6 Surprising Things About Trucking You Might Not Know

Written by Trusted Dispatch

July 11, 2023

How much do you know about the history or contributions of the trucking industry? It’s a vital part of our society, keeping our stores stocked with merchandise, our grocery stores full of food, and our equipment safely moving from place to place. But how often do you stop and wonder how we got to where we are with modern trucking today? 

The iHeart Radio podcast Stuff You Should Know (SYSK), hosted by Chuck Bryant and Josh Clark, recently aired an episode covering the history, evolution, and future of American trucking. While they cover a wide range of facts about the trucking industry and are well worth a listen, here are some of the most relevant surprising facts about trucking that you probably didn’t know but now will. 

How Much Do Truckers Haul in a Year?

A significant amount of cargo is transported all over North America daily, from merchandise to food to fuel and heavy equipment. Statistics in the United States calculate that 11 billion tonnes of freight is hauled every year by the trucking industry. 

According to Stats Canada, 90% of all freight shipments domestically are hauled by truck, with rail shipments accounting for only 9% and air shipments being the remainder. That’s a lot of essential goods moving down our highways daily. 

When Was the First Semi-Truck Invented?

The motorized semi-trailer concept has existed since the beginning of the twentieth century, with two separate inventors getting the credit for different designs. In 1898 in Cleveland, Ohio,  Alexander Winton—founder of Winton Motor Carriage Company—created a semi-truck and trailer system to deliver his new cars to their owners to avoid putting any mileage on them. 

A few years later, in Detroit, Michigan, August “Gus” Freuhauf helped his friend solve the problem of transporting his boat to the lake by connecting an extended custom-made trailer to a modified Ford Model T car. His invention worked, and he continued to modify cars to fit trailers, eventually designing a semi-truck model. August is given credit for coining the term “semi-trailer.”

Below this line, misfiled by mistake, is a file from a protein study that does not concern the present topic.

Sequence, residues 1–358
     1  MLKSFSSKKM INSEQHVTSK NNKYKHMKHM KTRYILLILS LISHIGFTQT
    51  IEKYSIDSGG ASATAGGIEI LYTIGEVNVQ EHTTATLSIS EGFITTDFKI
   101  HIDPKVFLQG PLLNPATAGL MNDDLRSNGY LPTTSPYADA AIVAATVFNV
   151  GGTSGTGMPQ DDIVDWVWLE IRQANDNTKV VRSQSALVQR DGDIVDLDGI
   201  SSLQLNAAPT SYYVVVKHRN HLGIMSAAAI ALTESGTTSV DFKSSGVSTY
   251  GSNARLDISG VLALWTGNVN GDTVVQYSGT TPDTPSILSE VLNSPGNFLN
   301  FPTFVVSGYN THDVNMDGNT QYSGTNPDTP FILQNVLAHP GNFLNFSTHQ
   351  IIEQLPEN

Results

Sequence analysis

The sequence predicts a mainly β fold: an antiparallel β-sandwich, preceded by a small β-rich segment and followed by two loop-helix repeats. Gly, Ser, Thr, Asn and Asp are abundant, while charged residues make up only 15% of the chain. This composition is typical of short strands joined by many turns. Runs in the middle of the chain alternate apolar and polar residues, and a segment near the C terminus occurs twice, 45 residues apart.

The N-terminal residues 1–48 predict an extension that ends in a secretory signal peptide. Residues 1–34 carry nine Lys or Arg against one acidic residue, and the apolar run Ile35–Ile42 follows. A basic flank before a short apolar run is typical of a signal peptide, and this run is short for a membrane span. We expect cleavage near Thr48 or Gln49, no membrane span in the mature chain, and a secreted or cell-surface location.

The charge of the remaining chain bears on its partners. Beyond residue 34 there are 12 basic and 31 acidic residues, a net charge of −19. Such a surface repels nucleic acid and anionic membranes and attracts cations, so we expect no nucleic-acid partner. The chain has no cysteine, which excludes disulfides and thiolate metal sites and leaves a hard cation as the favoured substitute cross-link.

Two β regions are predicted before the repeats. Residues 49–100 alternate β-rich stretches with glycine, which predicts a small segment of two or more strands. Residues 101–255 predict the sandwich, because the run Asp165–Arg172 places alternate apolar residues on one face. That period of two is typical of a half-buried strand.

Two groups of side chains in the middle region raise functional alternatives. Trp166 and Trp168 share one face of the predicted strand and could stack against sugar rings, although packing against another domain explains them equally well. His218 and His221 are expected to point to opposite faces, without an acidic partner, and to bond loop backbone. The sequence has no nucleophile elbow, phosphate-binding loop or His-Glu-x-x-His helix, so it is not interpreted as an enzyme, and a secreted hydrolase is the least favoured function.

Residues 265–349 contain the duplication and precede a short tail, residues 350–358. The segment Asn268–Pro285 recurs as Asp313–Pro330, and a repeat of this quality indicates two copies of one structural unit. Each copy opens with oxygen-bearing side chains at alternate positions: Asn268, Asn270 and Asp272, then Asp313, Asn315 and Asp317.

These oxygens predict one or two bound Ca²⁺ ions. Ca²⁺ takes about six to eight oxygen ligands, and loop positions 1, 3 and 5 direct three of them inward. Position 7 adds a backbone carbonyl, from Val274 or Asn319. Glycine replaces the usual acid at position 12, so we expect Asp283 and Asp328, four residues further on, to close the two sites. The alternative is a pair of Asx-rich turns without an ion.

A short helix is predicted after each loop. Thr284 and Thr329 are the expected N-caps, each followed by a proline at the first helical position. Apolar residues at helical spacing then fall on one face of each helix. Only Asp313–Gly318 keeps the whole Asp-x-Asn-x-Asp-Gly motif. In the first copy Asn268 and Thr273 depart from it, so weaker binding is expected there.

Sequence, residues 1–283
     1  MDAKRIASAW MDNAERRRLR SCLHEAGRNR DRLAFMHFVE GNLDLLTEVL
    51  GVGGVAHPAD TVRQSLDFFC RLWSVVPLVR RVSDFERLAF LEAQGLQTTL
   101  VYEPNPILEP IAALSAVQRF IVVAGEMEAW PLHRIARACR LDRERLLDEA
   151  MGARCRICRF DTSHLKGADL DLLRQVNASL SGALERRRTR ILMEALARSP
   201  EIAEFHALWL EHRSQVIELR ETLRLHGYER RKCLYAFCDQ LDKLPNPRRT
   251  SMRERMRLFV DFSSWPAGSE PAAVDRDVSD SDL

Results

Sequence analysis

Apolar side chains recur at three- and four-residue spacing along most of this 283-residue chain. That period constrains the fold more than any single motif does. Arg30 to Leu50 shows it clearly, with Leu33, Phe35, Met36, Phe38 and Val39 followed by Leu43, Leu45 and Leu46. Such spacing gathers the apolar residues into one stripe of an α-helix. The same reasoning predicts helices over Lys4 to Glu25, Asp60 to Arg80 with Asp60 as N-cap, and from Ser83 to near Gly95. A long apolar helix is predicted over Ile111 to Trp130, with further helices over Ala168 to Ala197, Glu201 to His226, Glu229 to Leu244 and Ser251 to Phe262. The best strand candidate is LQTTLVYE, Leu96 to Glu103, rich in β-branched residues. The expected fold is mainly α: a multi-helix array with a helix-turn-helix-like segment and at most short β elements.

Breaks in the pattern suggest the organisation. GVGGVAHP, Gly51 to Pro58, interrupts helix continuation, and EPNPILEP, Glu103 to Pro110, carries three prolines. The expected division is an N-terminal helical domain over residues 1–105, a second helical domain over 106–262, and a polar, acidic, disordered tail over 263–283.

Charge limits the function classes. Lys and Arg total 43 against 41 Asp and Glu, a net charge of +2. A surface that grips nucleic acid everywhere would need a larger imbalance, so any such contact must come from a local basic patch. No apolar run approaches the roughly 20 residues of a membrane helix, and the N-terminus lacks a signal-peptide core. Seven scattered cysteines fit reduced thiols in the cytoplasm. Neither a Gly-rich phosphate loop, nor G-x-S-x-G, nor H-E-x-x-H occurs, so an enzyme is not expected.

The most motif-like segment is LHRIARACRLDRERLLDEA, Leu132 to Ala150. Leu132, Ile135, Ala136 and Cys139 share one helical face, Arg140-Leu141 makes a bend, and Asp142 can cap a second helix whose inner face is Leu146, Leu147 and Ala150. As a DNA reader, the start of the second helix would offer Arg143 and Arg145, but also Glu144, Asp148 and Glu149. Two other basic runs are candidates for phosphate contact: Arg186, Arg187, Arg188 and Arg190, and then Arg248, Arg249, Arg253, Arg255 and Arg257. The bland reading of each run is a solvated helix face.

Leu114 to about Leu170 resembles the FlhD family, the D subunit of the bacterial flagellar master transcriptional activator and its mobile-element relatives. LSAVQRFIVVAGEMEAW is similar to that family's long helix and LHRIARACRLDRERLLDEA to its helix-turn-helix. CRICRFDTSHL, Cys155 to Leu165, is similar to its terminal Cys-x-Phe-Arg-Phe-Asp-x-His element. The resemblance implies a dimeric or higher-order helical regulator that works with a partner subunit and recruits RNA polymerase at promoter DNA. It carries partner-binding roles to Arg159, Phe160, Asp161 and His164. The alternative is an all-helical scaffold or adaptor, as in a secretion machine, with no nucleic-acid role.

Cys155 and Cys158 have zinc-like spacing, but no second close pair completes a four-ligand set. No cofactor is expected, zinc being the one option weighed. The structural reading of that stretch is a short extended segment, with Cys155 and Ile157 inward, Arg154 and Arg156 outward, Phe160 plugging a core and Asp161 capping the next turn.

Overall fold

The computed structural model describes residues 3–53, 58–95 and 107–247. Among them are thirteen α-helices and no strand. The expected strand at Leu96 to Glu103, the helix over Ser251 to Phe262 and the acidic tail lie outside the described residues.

Why Is it Called a Semi?

When you see a truck going down the highway pulling a trailer with a heavy load, you might not think much about what it’s called or why. Some people think “semi-truck,” while others just say “semi.” If you’ve ever wondered why we say “semi,” this fun fact is for you. 

A semi-trailer doesn’t have a front axle. When it attaches to a truck, the truck acts as the fifth axle. Therefore it isn’t a full trailer; it’s only a “semi” trailer. Trucks designed to pull semi-trailers can be called semi-trucks, or just semi, for short. 

Who Invented the Reefer Truck? 

Can you imagine a time before refrigerated trucks? It was a time when the transport of perishable items stayed relatively close to home. It was also messy, relying on ice to keep the interior of a trailer cool. The distance travelled ended when the ice melted. 

In 1939, prolific inventor Fred McKinley Jones created a portable refrigeration system for semi-trailers to stay cool while in transport. The vehicle air conditioning device would be called the Thermo King and it revolutionized the shipping industry, leading to the creation and rise of supermarkets across North America. 

His refrigeration design went beyond trucking. Due to demand for what his invention could do, he developed systems for trains and airplanes too. He even modified his device to be small and portable to be used during WWII to parachute coolers of donated blood down to field hospitals. Thanks to this incredible mind, the trucking industry took a great leap forward.  

What Happened to All the Weigh Scales?

We discuss the importance of weighing your load a lot on this blog, and that’s because it’s essential to haul the load properly and meet government restrictions. But those restrictions have not always been standardized. 

In the United States, prior to 1950, each state had a lot more freedom to establish its own weight restrictions for public roads. This meant that truck drivers were constantly waiting in line at weigh scales off the highway to ensure they met each region’s weight limits. If they didn’t, they had to make adjustments. The industry found this variation between states to be cumbersome, inefficient, and unnecessary. 

In the 1950s, the Federal Government imposed a weight limit to standardize the rules across the country. This became more official in 1982 with the introduction of the Surface Transportation Assistance Act. If you remember seeing trucks lined up for weight scales while sitting in the backseat of your family car on road trips, you’re not alone. If you’re wondering what happened to that trend, the standardized rules mean that drivers no longer have to weigh in at every state crossing. 

When Were Air Brakes Introduced into Trucks?

The average truck and trailer today range from 48’ to 53’ long, 8.5’ wide, and 13.5’ tall. Without a load, semi-trucks can weigh about 10,000 pounds and upwards of 80,0000 pounds with a load and regular trailer. Such large, heavy vehicles require specialized braking systems. 

Air brake systems, which semi-trucks use, were first invented for trains by George Westinghouse in 1872. It wasn’t until his technology was proven effective in trains that the air brake system was adopted by trucks in the 1920s. Once air brakes were introduced, trucks and their trailers got larger and heavier. 

Heavy Hauling in Canada and the United States

The trucking industry has come a long way in the past hundred years and continues to be an important lifeline, delivering cargo, freight, supplies, and machinery across the continent. When you need something heavy, large, or oversized shipped, our network of drivers is ready to help. Get started using our free load board today with a free, instant quote.

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